slug N lettuce
12-04-2003, 10:05 AM
...Marvel also has some good Holiday comics, even Ghost Rider gets into the holiday spirit of things. It's nice to see Franklin Richards [the son of Reed Richards] learn a holiday lesson. To see Spidey stop crooks from taking off with a truck full of toys that are intended for those who are less fortunate. To see Captain America and Diamondback decorate a tree together.
I don't know what it is but they just make me feel good. They stop the pain from the real world from beating my spine for a little while. They bring out the type of character in Super-Heroes that they had in the Golden years. I know its cheesy but I love 'em and I'll keep searching back issue bins for any and every comic that has a holiday theme. Thank You Stuart Moore, I know you didn't intend on this but I consider this a great Christmas present. HAPPY HOLIDAYS!! EVERYONE!!!
From: "Possible writers' cliche/prejudice: No well-adjusted athiests/agnostics in the DCU?" forum discussion, started 26 May 2005 on "Comic Bloc" website (http://www.comicbloc.com/forums/archive/index.php/t-5064.html; viewed 20 July 2007):
June 2nd, 2005, 11:11 AM
You know, from my years of reading comic books, I've always felt like believing in God or a religion was held in a mostly negative bias (this is especially seen when a comic deals with sexual orientation). Maybe it's a perspective thing. Because I happen to be religious, I'm more senstive to anti-religious sentiment. As an atheist, you're most senstive to scenes in comics that seem hostile to you worldview. That all seems pretty normal to me.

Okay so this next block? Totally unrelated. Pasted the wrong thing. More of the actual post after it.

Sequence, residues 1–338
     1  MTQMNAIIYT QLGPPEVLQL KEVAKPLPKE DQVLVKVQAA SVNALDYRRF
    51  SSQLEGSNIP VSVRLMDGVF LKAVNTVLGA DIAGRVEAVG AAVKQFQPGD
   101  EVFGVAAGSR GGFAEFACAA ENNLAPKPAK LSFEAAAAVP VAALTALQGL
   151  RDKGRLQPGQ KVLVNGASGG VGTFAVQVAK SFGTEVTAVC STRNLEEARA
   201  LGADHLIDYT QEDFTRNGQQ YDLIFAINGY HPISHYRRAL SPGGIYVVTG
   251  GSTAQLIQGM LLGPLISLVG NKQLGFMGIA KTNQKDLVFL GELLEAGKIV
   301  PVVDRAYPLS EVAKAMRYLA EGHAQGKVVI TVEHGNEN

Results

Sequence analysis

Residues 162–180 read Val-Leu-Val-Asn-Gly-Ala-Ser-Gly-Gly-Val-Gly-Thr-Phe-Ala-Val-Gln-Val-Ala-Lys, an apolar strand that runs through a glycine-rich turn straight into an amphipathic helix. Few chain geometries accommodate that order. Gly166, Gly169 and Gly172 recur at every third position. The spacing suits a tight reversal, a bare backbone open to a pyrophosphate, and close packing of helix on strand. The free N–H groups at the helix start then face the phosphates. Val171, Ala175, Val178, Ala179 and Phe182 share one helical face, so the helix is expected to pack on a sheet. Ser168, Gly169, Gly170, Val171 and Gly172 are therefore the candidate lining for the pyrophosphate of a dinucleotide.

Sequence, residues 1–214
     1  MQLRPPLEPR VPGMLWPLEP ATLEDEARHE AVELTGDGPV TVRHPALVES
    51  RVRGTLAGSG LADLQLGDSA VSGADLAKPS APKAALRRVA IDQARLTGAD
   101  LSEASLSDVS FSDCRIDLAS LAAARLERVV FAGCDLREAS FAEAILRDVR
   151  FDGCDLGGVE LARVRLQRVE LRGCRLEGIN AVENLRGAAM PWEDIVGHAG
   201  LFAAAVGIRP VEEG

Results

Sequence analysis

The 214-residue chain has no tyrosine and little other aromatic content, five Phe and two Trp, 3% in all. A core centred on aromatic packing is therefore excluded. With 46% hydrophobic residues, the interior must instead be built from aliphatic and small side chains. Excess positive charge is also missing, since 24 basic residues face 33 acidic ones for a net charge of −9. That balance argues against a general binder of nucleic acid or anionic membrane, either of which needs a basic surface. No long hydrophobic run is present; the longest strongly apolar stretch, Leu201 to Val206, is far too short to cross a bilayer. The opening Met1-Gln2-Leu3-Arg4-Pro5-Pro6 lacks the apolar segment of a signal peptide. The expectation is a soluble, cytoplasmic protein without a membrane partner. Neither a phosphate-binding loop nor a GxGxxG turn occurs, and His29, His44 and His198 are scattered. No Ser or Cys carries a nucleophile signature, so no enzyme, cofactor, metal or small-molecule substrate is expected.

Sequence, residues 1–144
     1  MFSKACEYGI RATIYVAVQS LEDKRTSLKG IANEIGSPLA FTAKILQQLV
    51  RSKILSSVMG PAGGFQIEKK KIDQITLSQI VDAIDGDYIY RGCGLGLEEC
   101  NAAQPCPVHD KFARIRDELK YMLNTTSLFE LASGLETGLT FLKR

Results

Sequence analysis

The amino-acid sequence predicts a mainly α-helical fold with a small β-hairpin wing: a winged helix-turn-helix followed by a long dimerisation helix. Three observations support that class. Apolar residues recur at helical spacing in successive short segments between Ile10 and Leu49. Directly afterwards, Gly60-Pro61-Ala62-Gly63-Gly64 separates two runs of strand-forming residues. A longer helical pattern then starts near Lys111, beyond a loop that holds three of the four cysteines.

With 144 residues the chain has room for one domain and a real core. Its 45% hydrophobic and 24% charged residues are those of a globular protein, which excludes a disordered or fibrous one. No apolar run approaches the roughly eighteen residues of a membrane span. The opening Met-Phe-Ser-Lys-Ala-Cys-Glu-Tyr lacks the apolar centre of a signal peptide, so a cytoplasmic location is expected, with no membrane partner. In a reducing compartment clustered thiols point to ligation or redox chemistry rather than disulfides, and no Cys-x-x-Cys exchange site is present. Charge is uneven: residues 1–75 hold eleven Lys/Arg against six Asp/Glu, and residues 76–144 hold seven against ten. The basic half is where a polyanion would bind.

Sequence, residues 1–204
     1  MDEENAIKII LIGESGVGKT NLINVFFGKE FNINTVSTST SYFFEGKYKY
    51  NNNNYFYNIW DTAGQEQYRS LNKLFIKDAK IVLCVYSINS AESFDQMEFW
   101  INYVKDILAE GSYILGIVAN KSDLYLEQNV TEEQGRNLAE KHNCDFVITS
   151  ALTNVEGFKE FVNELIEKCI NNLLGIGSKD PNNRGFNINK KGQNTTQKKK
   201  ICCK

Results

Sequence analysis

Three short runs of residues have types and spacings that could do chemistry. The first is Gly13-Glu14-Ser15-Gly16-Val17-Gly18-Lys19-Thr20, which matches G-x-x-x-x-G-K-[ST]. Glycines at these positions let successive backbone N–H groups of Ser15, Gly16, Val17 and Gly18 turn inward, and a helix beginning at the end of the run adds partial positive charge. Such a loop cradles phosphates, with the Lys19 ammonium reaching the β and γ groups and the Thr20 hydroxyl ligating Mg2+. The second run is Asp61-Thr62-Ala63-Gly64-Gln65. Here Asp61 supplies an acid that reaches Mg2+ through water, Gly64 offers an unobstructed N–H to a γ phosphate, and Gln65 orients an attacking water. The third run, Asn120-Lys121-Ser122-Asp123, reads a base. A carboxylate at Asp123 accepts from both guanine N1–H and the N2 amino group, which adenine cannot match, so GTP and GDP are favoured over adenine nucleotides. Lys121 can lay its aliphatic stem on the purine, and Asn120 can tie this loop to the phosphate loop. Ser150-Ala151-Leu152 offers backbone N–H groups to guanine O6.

As far as examples of agnostics and atheists in comics, I've noticed that most mystically based heroes and science based heroes tend to be this way. Mystically based heroes tend to scoff at the idea of a omnipresent God type because of there own abilities. Most people who are dedicated to science/are scientists are agnostic or atheist. This is even more obvious in the Marvel Universe when you think that Reed Richards, one of the flagship heroes, is athiest. He's as sane as they come. Maybe aloof because of his intelligence, but sane. In fact, that makes me think about it more. You said that if a character is atheist he's shown as being cold. Maybe I read that a bit differently. To me, it just seems like the writers are saying that intellegent characters are agnostic/atheist, idealistic characters believe in God.